Mar 08, 2021  
2017-2018 Graduate Bulletin 
    
2017-2018 Graduate Bulletin [ARCHIVED CATALOG]

Nursing, Master of Science in Nursing


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Purpose Statement

The purpose of the Master of Science in Nursing Program is to prepare advanced practice nurses by expanding and refining a broad base of knowledge and skills of baccalaureate education incorporating the experiential background of the professional nurse. This purpose relates to the Mission of the University by providing professional education at the master’s level that emphasizes advanced academic preparation of specialized knowledge and competencies through the process of role mastery.

MSN Philosophy

The Master of Science in Nursing program extends and refines the knowledge and skills of the baccalaureate-prepared nurse while integrating findings from the sciences and humanities, biopsychosocial fields, genetics, public health, quality improvement, health economics, translational science and organizational sciences in order to provide care to diverse populations of patients in clinical and community-based systems.  Attainment of advanced knowledge and competencies occurs through the process of role mastery, moving from novice to expert, in order to provide nursing interventions that influence healthcare outcomes for individuals/families across the lifespan, populations, or systems. The educational process is guided by three foci: primary care, advanced nursing practice, and evidence based practice. Primary care emphasizes health promotion and health maintenance for individuals, families, and populations in addition to managing and monitoring acute and chronic illnesses. This diversity of care is patient centered and culturally appropriate with evidence-based goals and modalities of care. Advanced nursing practice is autonomous and focuses on knowledge and competencies for the specialized role of the family nurse practitioner. In this role, the advanced practice nurse functions independently, is accountable as a direct provider of care, and is an advocate for patients, families, caregivers, populations and members of the healthcare team. Inherent in advanced nursing practice is leadership in order to provide for high-quality nursing care, healthcare team coordination, patient safety and quality inprovement, and for understanding health care delivery systems assisting with indentifying the economic, ethical, legal, and political factors that influence health care. Advanced practice nursing involves self-evaluation for continuing scholarship, professional growth, and excellence in practice. Therefore. the advanced practice nurse is prepared to pursue doctoral education. Evidence based practice provides opportunity for integration of nursing research, primary care, and leadership with the science of nursing.

MSN Program Goals/Outcomes

  1. Prepare advance practice nurses who expand and refine a broad base of knowledge and skills from nursing and the biopsychosocial sciences to influence healthcare;
  2. Prepare advanced practice nurses who demonstrate mastery of expected national competencies including the abilities to assess, diagnose, and manage a broad scope of acute and chronic health issues in primary care;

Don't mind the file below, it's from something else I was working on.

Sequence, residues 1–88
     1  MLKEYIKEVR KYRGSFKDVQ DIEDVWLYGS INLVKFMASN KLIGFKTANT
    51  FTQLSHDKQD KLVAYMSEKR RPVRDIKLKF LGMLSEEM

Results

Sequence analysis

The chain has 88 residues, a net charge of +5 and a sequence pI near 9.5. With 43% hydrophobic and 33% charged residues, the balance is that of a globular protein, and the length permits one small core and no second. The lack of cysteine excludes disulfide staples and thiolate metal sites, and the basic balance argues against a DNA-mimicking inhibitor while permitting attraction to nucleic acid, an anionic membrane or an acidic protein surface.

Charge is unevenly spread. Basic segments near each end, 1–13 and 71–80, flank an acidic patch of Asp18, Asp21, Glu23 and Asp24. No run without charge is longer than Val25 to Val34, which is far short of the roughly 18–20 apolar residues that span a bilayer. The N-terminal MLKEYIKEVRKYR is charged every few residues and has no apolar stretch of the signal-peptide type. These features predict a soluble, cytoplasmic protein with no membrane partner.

3. Prepare advanced practice nurses who continue as lifelong learners and who influence safe and quality healthcare through interprofessional team approaches, emerging technology, health policy, and ongoing role development.

Admission Requirements for Master of Science in Nursing, Post-Graduate Certificate


See Graduate Admissions  in this Bulletin for information regarding admission.

Admission Dates/Procedures:


See Graduate Admissions  in this Bulletin for information regarding admission dates and procedures. 

Program Requirements

In addition to the general degree requirements (see 7. Academic Policies and Procedures  and curriculum requirements noted below, the student must successfully complete the following: 

  1. A minimum of 39 semester hours of approved graduate credit including (please see specific NP track requirements):
    1. A minimum of 10 hours of MSN core coursework,
    2. A minimum of 19 hours of FNP core coursework
    3. A minimum of 10 hours of role specialization coursework.
  2. A clinical research project or thesis;
  3. A written comprehensive examination.

Progression

The Master of Science in Nursing Program Progression policy is the following:

  1. An overall Grade Point Average of 3.0 on a 4.0 scale must be maintained.
  2. A minimum grade of B is required in each clinical course. If the average of either the didactic or clinic component of a clinical course falls below B, the lower grade will be awarded and will be considered failing.
  3. A minimum grade of C in all non-clinical nursing courses is required. Students may not earn a C in more than two courses (6 hours) and remain in the program.
  4. The failure to progress satisfactorily according to the above policies will necessitate that the student obtain readmission to the program through the Graduate Nursing Program.
  5. Readmission will be considered only once.
  6. Continued compliance with admission requirements such as criminal background checks and drug/alcohol screens.

Course of Study

The post-master’s (RN-FNP) option requires satisfactory completion of the APN coursework designated with an asterisk (*). The post-master’s (APRN-FNP) option requires satisfactory completion of the role specialization coursework designated by a pound sign (#). The distribution of didactic and clinic hours is indicated in parentheses following total course credits in the course listing at the back of this bulletin. The ratio of credit to contact hours for the FNP clinical courses is 1:4.5.The M.S.N. degree requires satisfactory completion of the following courses:

Prerequisite:


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